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November Director's Journal

It is Friday morning of Art Invitational weekend, and I am standing in front of the doors, moments away from the big reveal.

Inside, Grace Kook-Anderson, The Arlene and Harold Schnitzer Curator of Northwest Art for the Portland Art Museum is preparing to lead a tour for the dozens of volunteer docents who help make the show possible. There is a Wonka-like Chocolate Factory thrill in the air.

The doors open to gasps of delight. Each year, through the curatorial artistry of Patty Maly and Ruby Maly, the most beautiful work in the show is the show itself. Stepping into the gallery feels like entering a newly-born world. I love discovering through-lines that emerge when new work by artists from different backgrounds and art practices co-exist for an ephemeral weekend in space and time.

Inside the 2021 Art Invitational

Leading us through the exhibit, Grace reflects on the pandemic as a universal undercurrent in our lives and how she sees different artists responding. “There is a duality to nature expressed here,” Grace observes, “decay and death, but also regeneration, re-blooming… a sense of shelter and fragility and also a sense of unfolding… and color! There is a lot of joyfulness and playfulness in this room.”

My eye is drawn to the vulnerability of Yoonhee Choi’s work. Something about the way her soy inks bleed through the layers of paper draws my awareness to my own heartbeat, tucked back behind my ribcage.

Invitational Artwork by Yoonhee Choi

The visual language of Iván Carmona’s modernist sculptures, in saturated hues that reverberate with Choi’s, call from across the room. “Each of my works pulls the past forward into a new body for the present to see,” Carmona shares in his artist’s statement.

Sculptures (in red and green) by Iván Carmona

Flying overhead, in perpetual motion, the glass swifts and light projections of Jen Fuller’s mobile installation, “Chapman Swifts” invites us all to tilt our heads skyward, lifting our collective spirits in the process.

"Chapman Swifts" by Jen Fuller

Themes from the show follow me home to Sitka’s coastal campus. In our November 16 Resident Talk, writer Mason Langson reads to us out loud from his current magic realism short story project, “Songs from Grace,” connecting his virtual audience through the warmth of his reading as if we are all gathered around the same hearth. Visual artist and curator Deborah Thompson shares images of “hags” and other mythological beings who invite us to “crossover” with “a foot in this world and a foot in the other." Community ecologist Dr. Sarah Thomsen transports us across oceans and time to a desert island and into the depths of Barn Owl Cave. There, she unearths over half a million bones preserved in over 12,000 years’ accumulation of owl pellets revealing the web of life.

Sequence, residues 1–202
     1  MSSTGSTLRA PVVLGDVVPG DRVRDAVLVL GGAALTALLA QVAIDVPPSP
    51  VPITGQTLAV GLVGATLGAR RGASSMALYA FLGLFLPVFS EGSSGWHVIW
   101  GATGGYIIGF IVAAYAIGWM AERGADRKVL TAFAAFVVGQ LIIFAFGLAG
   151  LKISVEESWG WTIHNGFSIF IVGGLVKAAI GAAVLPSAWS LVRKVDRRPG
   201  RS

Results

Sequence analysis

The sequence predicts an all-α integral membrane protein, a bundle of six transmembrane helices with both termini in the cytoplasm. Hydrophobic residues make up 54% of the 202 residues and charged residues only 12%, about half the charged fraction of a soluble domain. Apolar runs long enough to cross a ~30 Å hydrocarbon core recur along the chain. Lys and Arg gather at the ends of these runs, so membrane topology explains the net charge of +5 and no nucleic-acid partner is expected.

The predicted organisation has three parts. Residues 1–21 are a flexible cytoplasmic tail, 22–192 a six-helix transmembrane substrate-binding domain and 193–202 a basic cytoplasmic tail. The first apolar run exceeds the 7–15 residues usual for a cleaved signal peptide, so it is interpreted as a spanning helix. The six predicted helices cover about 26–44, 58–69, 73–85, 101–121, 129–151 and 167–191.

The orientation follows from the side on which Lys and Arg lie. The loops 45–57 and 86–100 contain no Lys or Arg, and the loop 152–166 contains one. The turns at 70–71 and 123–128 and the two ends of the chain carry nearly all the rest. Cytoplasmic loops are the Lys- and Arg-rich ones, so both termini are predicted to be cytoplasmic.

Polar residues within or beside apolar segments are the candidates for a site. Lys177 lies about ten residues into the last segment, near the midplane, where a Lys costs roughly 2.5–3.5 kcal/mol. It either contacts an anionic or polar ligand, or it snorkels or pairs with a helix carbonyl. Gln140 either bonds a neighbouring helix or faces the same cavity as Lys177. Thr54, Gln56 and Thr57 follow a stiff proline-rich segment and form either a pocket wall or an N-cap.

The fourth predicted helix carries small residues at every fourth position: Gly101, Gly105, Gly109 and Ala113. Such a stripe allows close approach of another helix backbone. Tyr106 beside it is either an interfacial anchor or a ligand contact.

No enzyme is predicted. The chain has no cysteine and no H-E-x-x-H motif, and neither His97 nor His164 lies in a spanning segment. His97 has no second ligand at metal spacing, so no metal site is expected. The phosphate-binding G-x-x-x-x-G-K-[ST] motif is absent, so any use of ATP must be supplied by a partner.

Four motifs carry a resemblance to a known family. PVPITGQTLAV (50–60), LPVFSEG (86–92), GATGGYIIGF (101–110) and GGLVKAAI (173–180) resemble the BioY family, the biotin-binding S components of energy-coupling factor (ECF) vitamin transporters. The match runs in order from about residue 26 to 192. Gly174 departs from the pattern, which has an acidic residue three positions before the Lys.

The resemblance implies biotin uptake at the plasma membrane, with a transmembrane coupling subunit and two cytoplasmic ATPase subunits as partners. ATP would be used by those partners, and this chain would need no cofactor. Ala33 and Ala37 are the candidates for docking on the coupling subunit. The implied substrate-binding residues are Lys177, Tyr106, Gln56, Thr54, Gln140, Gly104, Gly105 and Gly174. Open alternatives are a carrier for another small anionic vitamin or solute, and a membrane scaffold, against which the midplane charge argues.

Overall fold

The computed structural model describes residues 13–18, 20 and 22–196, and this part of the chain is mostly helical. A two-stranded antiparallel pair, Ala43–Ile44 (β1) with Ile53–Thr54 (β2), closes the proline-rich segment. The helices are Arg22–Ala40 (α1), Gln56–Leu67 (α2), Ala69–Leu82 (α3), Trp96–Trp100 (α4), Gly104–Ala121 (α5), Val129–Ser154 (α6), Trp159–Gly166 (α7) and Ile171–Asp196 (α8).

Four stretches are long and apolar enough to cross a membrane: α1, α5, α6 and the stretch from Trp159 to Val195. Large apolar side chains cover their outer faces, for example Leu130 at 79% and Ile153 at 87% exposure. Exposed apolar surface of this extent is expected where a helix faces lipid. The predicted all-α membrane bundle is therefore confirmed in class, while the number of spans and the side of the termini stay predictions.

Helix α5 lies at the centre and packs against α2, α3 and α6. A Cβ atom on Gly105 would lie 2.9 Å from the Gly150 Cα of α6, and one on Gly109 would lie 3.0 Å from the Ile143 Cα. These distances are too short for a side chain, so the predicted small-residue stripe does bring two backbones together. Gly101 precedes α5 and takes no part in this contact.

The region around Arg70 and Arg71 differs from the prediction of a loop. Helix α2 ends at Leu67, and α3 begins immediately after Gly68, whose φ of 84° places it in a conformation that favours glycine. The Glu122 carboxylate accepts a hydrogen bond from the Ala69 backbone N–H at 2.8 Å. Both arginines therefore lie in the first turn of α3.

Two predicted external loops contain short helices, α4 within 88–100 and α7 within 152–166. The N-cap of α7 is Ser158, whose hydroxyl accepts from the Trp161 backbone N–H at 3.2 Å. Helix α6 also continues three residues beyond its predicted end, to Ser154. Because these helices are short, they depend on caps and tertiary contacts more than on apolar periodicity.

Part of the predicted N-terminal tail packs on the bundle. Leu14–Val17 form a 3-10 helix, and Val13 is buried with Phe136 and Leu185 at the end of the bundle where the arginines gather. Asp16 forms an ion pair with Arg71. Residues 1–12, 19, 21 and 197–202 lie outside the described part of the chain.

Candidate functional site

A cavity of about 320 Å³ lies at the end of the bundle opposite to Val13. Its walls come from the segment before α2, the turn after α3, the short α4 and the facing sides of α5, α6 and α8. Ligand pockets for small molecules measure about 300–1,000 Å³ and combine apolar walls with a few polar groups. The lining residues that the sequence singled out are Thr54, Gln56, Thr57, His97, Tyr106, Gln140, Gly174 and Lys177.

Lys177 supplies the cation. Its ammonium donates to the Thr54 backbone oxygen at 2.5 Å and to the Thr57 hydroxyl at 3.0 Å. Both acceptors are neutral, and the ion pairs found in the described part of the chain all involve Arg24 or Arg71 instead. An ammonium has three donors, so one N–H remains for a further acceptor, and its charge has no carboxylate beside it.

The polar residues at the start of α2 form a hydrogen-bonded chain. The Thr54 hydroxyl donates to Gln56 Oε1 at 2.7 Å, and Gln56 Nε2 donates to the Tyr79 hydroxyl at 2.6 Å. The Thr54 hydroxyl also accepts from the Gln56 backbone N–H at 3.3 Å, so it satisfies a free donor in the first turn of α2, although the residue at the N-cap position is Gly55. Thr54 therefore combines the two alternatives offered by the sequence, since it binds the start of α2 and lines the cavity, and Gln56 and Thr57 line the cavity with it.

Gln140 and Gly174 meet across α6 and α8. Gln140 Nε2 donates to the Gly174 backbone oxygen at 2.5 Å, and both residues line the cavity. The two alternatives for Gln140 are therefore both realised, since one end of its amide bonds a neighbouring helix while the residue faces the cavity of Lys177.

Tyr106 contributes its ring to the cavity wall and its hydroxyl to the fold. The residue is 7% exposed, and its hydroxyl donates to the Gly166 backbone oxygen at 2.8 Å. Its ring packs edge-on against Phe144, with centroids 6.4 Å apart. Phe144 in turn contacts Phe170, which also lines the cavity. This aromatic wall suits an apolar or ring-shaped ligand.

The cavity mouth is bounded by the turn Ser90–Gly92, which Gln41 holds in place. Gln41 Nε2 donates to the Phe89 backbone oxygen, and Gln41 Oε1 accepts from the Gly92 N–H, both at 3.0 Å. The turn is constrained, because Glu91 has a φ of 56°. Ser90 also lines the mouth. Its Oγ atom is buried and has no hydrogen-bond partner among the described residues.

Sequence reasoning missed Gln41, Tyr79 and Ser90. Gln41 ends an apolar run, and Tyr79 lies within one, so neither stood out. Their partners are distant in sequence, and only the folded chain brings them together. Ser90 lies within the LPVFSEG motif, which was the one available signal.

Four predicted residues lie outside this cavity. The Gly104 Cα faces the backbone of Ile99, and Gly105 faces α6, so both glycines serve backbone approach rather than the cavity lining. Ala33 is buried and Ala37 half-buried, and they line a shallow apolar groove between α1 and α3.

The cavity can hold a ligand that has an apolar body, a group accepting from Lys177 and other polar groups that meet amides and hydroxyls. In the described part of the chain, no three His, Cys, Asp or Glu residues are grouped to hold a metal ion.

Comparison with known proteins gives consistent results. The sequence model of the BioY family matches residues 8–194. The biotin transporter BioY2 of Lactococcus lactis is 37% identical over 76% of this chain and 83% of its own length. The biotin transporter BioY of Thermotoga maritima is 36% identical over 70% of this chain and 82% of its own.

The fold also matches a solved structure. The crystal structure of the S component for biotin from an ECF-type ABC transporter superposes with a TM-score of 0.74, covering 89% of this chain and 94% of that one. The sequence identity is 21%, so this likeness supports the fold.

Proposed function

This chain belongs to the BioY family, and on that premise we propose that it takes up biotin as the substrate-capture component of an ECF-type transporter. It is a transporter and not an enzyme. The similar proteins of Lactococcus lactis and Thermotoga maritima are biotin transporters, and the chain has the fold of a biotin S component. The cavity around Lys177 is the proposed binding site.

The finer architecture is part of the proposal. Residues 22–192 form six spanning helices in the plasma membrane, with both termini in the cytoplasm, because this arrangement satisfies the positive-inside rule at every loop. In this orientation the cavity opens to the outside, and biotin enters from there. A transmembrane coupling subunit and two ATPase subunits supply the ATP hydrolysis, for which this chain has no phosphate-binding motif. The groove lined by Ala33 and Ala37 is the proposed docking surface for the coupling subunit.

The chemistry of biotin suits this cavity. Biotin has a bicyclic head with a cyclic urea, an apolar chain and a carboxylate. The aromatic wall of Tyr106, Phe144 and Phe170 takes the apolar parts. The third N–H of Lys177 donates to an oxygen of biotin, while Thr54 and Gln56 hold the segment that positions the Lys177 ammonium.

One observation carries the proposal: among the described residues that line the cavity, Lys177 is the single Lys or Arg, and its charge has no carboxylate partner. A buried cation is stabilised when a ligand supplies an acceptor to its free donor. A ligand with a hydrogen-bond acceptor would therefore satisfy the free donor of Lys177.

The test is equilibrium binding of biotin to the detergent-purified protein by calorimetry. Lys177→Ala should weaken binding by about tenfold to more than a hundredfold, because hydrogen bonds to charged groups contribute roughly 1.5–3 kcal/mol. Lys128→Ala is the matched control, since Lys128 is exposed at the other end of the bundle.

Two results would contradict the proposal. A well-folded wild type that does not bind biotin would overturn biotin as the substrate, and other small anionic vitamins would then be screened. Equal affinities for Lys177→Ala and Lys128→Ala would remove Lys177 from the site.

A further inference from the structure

Invitational artwork featuring birds of prey by Bethany Rowland

You can watch and listen to all five presenting Residents here and you can register here for our next online Resident Talk on December 16.

Back in Portland, attending the awards ceremony for the Arlene Schnitzer Visual Arts Prize, which honors and funds emerging talent from Portland State University’s School of Art and Design, I am moved by class of 2021 honoree Gigi Woolery’s fabric-based artwork and wisdom. Woolery’s work, in part, explores how reclaimed textiles “…recall a demoralized body. It decays and thins like a body and is reinforced through stitching like scar tissue. Making these textile objects allows me to create at a time of isolation and scarcity. I aim to treat them with preciousness, through mending and disassembling over and again.”

In a panel discussion, when asked, why art matters, Woolery moves us all: “Starting around 2016 a lot of art students were grappling with the question, if things are so stark, what’s the point of making something pretty?... But now if I imagine going even 30 days without music or art in my life… art is where we find our will to live.”

Jordan Schnitzer, carrying on his mother Arlene’s legacy of championing emerging Pacific Northwest artists, shares his lifegiving relationship with art this way: “Waking up without being surrounded by art would be like waking up without the sun.”

After two long, dark years of waiting to host this year’s Invitational, that’s what opening the doors felt like: like rediscovering the sun.

In Thanksgiving for everyone who makes the magic realism of the Sitka Art Invitational possible, and to artists everywhere for the life-saving power of your work.

Alison Dennis

Executive Director